TEIXEIRA P.S., TAKAHASHI S., ZAPATA L.A. and HO P.T.P.
Abstract (from CDS):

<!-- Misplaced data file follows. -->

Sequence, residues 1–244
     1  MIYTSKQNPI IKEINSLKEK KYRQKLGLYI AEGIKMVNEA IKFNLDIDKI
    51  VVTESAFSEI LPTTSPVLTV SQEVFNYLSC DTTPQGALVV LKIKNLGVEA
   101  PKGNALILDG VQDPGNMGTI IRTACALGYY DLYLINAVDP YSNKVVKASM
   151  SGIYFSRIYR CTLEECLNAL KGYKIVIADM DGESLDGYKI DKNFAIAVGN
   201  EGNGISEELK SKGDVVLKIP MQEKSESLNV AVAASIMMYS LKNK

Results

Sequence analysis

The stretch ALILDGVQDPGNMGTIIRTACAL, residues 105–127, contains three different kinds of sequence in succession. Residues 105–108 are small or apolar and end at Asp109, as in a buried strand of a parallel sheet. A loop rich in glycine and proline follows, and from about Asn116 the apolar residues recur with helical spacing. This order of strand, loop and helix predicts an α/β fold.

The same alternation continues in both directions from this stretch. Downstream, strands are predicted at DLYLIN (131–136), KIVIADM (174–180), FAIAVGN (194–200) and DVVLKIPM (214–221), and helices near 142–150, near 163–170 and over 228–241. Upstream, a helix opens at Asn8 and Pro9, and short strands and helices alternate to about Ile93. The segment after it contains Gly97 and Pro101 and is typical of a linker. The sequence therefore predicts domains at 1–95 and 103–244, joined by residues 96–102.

The filamentary structure of molecular clouds may set important constraints on the mass distribution of stars forming within them. It is therefore important to understand which physical mechanism dominates filamentary cloud fragmentation and core formation. Orion A is the nearest giant molecular cloud, and its so-called ∫-shaped filament is a very active star-forming region that is a good target for such a study. We have recently reported on the collapse and fragmentation properties of the northernmost part of this structure, located ∼2.4 pc north of Orion KL - Orion Molecular Cloud (OMC) 3. As part of our project to study the ∫-shaped filament, we analyze the fragmentation properties of the northern OMC1 filament (located ≲0.3pc north of Orion KL). This filament is a dense structure previously identified by JCMT/SCUBA submillimeter continuum and VLA NH3 observations and was shown to have fragmented into clumps. Our aim is to search for cores and young protostars embedded within OMC1n and to study how the filament is fragmenting to form them. We observed OMC1North (hereafter OMC1n) with the Submillimeter Array (SMA) at 1.3mm and report on our analysis of the continuum data. We discovered 24 new compact sources, ranging in mass from 0.1 to 2.3, in size from 400 to 1300au, and in density from 2.6x107 to 2.8x106cm–3. The masses of these sources are similar to those of the SMA protostars in OMC3, but their typical sizes and densities are lower by a factor of ten. Only 8% of the new sources have infrared counterparts, but there are five associated CO molecular outflows. These sources are thus likely in the Class 0 evolutionary phase but it cannot be excluded that some of the sources might still be pre-stellar cores. The spatial analysis of the protostars shows that they are divided into small groups that coincide with previously identified JCMT/SCUBA 850 µm and VLA NH3 clumps, which are separated by a quasi-equidistant length of ≃30' (0.06pc). This separation is dominated by the Jeans length and therefore indicates that the main physical process in the filament evolution was thermal fragmentation. Within the protostellar groups, the typical separation is ≃6" (∼2500au), which is a factor 2-3 smaller than the Jeans length of the parental clumps within which the protostars are embedded. These results point to a hierarchical (two-level) thermal fragmentation process of the OMC1n filament.